The activities are as follows:
- Teacher Guide
- Student activity, Graph Type A, Level 1
- Student activity, Graph Type B, Level 1
- Student activity, Graph Type C, Level 1
- Grading Rubric
Imagine you are snorkeling on a coral reef! You see a lot of plants and animals living together. Some animals, such as sharks, are predators and eat other animals. Other animals, like anemones and the fish that live in them, are mutualists and protect each other from predators. There are also herbivores, such as urchins, on the reef that eat plants and algae. All of these species, and many more, need the coral reef to survive.
Corals are animals that build coral reefs. When you look at a coral you may see what looks like one large rock. In fact, corals are made up of thousands of tiny animals, called polyps. Coral polyps are white but look brown and green because microscopic plant-like organisms, called zooxanthellae (a kind of algae), live inside them. Corals provide the microscopic algae a safe home, and in return the corals are able to feed on the excess sugars the algae produce from photosynthesis. But sadly, corals around the world are dying. Scientists are determined to figure out ways to save coral reef ecosystems by helping corals survive so they can continue to build important and diverse reef habitats.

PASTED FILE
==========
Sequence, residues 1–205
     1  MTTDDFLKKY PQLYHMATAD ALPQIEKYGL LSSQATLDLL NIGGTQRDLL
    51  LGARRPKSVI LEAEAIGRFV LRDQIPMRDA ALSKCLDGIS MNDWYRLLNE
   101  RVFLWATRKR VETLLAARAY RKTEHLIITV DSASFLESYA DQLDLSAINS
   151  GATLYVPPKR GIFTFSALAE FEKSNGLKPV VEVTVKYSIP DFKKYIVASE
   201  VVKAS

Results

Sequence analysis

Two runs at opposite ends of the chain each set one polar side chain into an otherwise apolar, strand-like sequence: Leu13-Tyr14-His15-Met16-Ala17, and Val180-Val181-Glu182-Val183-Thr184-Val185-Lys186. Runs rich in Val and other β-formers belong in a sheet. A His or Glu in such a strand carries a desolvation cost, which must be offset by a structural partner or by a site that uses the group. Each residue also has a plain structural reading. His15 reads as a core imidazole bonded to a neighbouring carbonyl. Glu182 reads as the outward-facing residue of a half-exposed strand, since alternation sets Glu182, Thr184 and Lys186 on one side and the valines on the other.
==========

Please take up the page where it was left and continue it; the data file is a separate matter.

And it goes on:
Corals are habitat specialists and only like to live in certain places. However, the corals compete with other types of algae, like seaweed, for space to grow. Sarah is a marine biologist who is interested in corals because they are such important animals on the reef. She wanted to understand how to help the dying corals. She thought that when herbivores are present and are eating algae on the reef, the corals in turn have less competition for space and thus more room to grow.
Sarah set up an experiment where she put tiles in bins out on the reef. Tiles provided space for animals to grow, including corals. Sarah also put sea urchins in half of the bins. Sea urchins are important herbivores and one of the species that like to eat algae. The other half of the bins had no urchins so the algae would be free to grow there. She had 4 bins with urchins and 4 bins with no urchins. After a few months, Sarah counted how many corals were growing on tiles. She counted corals found in the bins with and without sea urchins. Because sea urchins eat algae, they should free up space for coral to grow. Sarah expected that more corals would grow on the tiles in sea urchin bins compared to the bins with no sea urchins.
Featured scientist: Sarah W. Davies from University of Texas at Austin
The lab webpage can be found here. There is one scientific paper associated with the research in this Data Nugget. The citation and PDF of the paper is below.
Davies SW, MV Matz, PD Vize (2013) Ecological Complexity of Coral Recruitment Processes: Effects of Invertebrate Herbivores on Coral Recruitment and Growth Depends Upon Substratum Properties and Coral Species. PLOS ONE 8(9):e72830
After students have completed the Data Nugget, you can have them discuss the management implications of this research. Watch the news story below and have students consider how urchins can be used as a management tool to help restore coral reefs!